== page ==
Beijing: As trade friction between the United States and China deepens over copyright piracy, Beijing is working hard to protect one widely recognized global trademark, the Olympic rings.
China is routinely denounced as the origin of most of the world’s counterfeit goods, and a frustrated Washington decided this week to take it to the World Trade Organization.
The non-profit Olympic Movement is a billion-dollar-a-year business and the risks to the value of the brand from staging the Games in the Chinese capital next year are real.
Already, Olympic knock-off products are available on the Internet and hawkers line commercial streets here selling baseball hats with the Olympic logo and the Beijing dancing-man Games trademark for roughly one dollar.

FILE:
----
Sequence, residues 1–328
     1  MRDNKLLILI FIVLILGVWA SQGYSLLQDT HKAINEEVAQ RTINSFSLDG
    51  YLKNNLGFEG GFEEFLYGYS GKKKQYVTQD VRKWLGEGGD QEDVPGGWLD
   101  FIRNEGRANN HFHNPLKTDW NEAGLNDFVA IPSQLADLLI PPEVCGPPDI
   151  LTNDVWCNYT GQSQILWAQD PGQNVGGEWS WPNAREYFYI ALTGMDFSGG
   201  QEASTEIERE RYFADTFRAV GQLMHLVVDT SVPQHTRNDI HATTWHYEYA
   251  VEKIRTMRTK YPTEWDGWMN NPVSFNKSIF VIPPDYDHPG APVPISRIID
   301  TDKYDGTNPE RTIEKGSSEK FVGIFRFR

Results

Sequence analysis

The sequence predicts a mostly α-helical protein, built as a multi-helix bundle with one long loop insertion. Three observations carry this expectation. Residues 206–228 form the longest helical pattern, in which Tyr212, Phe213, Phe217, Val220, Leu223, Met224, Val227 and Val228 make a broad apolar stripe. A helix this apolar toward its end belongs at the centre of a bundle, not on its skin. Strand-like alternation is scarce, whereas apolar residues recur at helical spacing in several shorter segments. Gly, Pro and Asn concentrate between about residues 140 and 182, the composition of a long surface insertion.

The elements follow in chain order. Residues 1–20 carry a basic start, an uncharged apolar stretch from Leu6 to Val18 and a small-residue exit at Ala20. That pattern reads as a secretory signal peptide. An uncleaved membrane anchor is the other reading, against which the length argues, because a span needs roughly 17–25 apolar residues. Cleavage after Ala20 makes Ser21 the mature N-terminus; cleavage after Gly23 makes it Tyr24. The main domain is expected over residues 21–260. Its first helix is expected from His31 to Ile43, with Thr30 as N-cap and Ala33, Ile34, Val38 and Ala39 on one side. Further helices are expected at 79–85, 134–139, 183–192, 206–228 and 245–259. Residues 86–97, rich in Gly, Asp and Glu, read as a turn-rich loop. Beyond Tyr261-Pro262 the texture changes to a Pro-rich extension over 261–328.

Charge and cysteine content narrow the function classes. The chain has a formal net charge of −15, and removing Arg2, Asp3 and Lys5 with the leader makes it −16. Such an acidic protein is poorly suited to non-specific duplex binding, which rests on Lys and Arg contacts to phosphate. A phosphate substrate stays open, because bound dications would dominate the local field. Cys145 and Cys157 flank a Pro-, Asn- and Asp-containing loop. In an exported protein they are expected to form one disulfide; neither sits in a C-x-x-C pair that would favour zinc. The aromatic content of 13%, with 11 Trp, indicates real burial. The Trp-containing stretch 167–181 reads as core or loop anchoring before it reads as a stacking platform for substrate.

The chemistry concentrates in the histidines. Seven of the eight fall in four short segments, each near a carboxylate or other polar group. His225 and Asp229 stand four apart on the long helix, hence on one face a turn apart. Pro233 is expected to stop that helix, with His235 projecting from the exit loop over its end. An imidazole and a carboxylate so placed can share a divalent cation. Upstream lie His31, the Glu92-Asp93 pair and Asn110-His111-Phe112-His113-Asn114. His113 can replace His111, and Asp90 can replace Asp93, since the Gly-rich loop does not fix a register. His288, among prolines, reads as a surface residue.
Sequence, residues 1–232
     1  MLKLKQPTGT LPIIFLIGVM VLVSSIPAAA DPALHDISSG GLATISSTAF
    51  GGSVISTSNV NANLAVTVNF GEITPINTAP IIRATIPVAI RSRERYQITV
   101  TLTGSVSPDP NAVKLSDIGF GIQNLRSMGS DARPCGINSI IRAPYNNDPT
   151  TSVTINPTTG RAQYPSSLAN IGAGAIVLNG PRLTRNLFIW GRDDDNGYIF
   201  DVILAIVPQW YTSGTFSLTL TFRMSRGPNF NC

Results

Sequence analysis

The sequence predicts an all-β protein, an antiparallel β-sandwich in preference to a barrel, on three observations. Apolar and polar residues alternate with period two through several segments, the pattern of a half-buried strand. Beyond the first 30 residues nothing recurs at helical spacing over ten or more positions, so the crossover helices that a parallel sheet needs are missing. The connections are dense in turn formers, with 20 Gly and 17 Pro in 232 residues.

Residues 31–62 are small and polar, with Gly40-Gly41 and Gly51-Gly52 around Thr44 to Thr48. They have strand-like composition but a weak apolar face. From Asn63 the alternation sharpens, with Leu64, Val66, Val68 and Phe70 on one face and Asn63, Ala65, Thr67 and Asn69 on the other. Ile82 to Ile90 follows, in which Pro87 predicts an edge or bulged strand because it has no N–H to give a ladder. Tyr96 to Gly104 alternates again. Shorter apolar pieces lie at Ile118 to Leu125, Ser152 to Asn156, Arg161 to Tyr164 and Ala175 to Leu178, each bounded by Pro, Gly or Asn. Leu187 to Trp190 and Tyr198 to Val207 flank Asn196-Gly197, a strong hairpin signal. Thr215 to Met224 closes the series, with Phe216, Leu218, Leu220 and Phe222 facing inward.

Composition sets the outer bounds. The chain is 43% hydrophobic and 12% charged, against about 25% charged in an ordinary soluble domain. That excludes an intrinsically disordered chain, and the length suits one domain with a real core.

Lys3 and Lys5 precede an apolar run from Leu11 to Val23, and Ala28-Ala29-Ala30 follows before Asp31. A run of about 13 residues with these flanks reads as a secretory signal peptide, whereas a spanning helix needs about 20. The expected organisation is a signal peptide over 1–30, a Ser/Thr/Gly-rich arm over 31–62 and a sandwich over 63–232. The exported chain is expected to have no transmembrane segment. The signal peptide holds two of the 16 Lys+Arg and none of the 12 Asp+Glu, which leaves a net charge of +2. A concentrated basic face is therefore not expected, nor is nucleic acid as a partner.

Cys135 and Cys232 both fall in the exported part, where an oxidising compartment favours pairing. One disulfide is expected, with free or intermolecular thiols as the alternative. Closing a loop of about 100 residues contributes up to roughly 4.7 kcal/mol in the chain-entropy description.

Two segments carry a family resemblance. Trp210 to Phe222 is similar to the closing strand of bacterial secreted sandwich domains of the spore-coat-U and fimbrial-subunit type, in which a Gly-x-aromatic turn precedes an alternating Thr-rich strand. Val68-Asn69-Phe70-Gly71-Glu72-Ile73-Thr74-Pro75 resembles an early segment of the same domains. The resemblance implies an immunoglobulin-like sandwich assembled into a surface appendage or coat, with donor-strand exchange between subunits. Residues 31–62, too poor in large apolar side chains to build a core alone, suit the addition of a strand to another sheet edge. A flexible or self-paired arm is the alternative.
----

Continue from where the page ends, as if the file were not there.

The International Olympic Committee (IOC) maintains that the Games represent “the most effective international corporate marketing platform in the world, reaching billions of people in over 200 countries and territories throughout the world.”
Olympic insiders admit that China represents a tougher piracy challenge than any other host country, although violators are encountered everywhere.
“The fight to protect IPR (intellectual property rights) is ongoing and absolutely key,” an IOC spokesman who declined to be named told AFP. He added, “In very simple terms, unless we look after IPR, it devalues the brand, Olympic values and Olympic Games.”